Another season, another challenge The 57th Formula One world championship begins this weekend - and for the very first time the campaign kicks off in the Middle East. The Bahraini Grand Prix heralds the dawn of another relentless season, with...
Another season, another challenge
The 57th Formula One world championship begins this weekend - and for the very first time the campaign kicks off in the Middle East.
The Bahraini Grand Prix heralds the dawn of another relentless season, with 18 three-day meetings spread across five continents and 226 days. Host circuit Sakhir is only the 13th - after Silverstone, Bremgarten, Buenos Aires, Monaco, Zandvoort, East London, Kyalami, Interlagos, Long Beach, Jacarepagua, Phoenix and Melbourne - to have staged the seasonal curtain-raiser.
This will be the third Bahraini GP - and the 751st event in the annals of the world championship. Michelin and its partner teams took a clean sweep of the top eight places in last year's corresponding fixture, with world champion-to-be Fernando Alonso (Renault) heading home Jarno Trulli (Toyota) and Kimi Räikkönen (McLaren-Mercedes).
The rules might have changed radically since then, with the return of V8 engines and mid- race tyre changes, but Michelin's unwavering commitment remains unaltered as it prepares to challenge for its 94th F1 grand prix victory -- and defend two world titles.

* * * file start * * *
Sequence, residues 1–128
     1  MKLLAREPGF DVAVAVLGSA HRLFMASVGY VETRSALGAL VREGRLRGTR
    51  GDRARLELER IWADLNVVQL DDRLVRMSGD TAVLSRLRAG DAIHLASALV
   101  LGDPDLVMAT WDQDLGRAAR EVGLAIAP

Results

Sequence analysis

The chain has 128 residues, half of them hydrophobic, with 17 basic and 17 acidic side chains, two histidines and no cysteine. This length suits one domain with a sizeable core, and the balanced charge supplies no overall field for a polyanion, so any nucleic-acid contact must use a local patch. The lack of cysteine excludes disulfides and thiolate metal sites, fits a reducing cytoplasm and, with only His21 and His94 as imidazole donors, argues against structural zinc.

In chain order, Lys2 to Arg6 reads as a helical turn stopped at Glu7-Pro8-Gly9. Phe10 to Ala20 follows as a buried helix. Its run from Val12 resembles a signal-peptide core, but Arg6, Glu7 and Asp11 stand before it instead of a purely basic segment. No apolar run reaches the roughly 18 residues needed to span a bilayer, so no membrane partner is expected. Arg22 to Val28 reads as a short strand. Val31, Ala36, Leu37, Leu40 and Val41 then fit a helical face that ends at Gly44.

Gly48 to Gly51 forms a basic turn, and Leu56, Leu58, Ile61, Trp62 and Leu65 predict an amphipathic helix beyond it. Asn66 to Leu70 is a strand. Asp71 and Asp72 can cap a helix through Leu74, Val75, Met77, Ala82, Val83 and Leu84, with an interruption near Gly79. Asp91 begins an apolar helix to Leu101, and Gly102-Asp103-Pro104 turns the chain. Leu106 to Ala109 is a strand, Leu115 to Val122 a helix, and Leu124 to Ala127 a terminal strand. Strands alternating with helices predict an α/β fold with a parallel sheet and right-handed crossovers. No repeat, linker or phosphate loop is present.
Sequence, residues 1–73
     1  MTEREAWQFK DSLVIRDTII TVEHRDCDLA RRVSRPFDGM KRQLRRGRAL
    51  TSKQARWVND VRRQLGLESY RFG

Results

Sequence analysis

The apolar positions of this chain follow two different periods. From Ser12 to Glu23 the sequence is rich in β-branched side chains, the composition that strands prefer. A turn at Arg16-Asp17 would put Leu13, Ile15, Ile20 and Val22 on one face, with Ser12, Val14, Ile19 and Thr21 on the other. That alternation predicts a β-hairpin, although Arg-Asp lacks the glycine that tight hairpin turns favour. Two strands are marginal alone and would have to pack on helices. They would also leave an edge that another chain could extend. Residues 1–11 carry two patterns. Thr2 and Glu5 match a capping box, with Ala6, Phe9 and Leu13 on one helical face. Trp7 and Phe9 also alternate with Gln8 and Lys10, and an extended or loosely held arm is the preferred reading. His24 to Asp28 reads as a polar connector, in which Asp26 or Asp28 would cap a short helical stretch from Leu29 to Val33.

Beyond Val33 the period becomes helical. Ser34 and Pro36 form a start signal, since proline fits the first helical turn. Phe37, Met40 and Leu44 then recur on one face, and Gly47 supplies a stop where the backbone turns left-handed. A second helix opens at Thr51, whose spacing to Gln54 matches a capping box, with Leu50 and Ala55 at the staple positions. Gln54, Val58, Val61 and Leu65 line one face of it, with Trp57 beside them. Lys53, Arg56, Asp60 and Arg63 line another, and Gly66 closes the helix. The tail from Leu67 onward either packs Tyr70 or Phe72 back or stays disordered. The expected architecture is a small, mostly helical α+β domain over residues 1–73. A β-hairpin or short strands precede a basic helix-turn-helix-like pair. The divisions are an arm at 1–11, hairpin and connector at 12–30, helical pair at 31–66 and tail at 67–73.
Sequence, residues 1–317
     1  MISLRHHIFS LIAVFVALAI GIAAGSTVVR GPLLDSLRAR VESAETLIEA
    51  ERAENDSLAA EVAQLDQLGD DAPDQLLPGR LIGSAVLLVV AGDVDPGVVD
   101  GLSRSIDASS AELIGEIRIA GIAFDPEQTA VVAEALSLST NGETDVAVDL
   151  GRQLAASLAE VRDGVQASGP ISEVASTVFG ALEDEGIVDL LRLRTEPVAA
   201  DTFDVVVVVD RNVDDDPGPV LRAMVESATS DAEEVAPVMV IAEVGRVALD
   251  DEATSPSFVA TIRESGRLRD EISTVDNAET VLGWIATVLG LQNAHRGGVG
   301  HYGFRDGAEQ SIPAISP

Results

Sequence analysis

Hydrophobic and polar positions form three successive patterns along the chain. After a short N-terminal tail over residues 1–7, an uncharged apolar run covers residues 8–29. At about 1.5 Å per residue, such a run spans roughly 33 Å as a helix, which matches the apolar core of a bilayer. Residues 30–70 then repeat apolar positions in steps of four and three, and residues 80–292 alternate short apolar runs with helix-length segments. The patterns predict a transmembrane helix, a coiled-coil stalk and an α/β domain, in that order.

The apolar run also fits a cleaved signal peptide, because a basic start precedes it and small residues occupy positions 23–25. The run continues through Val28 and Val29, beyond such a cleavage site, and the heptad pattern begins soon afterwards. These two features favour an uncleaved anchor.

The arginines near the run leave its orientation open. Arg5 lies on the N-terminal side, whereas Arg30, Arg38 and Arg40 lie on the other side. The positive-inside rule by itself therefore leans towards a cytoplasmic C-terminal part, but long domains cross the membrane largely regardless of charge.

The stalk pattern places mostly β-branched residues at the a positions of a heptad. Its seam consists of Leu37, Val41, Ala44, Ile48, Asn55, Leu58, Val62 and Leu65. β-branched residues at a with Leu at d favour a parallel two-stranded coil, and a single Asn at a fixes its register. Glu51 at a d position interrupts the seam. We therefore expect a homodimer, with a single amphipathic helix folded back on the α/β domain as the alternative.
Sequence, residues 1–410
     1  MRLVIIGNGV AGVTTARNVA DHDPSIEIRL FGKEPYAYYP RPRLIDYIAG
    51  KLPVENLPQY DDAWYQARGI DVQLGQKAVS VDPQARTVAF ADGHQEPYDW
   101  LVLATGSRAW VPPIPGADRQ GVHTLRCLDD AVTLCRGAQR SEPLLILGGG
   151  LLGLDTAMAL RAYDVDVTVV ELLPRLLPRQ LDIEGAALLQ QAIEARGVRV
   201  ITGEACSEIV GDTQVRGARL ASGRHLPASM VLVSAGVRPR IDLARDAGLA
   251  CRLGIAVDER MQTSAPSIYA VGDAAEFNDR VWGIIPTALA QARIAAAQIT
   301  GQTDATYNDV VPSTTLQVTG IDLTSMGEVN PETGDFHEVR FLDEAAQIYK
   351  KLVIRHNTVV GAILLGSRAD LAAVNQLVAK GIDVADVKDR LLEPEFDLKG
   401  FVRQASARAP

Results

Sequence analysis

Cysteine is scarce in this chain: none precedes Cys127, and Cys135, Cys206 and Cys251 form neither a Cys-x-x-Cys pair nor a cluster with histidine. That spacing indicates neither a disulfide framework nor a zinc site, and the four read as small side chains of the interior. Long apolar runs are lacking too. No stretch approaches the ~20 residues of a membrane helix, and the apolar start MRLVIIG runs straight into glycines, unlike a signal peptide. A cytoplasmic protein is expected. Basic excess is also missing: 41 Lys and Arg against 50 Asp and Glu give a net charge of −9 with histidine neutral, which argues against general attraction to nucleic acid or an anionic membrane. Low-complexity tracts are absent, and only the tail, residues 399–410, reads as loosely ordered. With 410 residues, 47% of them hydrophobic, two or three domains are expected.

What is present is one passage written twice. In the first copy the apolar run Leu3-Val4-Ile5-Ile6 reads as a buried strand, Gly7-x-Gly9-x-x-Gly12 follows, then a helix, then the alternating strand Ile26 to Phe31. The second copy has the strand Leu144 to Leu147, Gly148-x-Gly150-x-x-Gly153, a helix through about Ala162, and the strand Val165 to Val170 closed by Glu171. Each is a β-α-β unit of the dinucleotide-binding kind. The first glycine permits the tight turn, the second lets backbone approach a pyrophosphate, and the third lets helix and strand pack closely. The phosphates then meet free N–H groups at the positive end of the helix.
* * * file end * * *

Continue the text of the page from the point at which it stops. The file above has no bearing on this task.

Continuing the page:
Nick Shorrock, Formula One director, Michelin:
"We evaluated a significant number of casings and compounds during our intensive winter test programme and learned a lot about the effect on tyres of the sport's latest rule changes. We have established that the new V8 engines require a different driving technique, which impacts on tyre performance, but have addressed this and the results have been very productive."
"This year, for the first time, we were able to conduct a pre-season test in Bahrain - and that was extremely useful. Normally, we are limited to testing in the cold of a European winter, when the weather tends to restrict the amount of useful running you can do per day. In Bahrain, however, we were able to run from nine until five - and that gave us ample opportunity to accumulate relevant data. It also confirmed that our preparations in Europe had been very astute."
"On the other hand, although the rules were changed in a bid to reduce costs, it is disappointing to note that a tyre manufacturer such as Michelin will have to carry 38 per more stock to grands prix this season than it did in 2005. Michelin is working with six F1 partners this year, rather than seven, yet finds itself having to supply more than 300 extra tyres per race weekend."
"This weekend marks the dawn of a new F1 era. It's a step into the unknown for everybody, but Michelin has prepared with its traditional attention to detail. We expect fierce competition but, as history shows, we thrive on such challenges."
Pat Symonds, executive engineering director, Renault F1:
"Bahrain is not the most demanding circuit of the year for tyres, but it does pose the teams quite specific problems. There are not many high-speed corners, which means that the overall tyre energy - the amount of energy we put into the tyres during a lap - is relatively low, especially compared to the second race venue in Malaysia."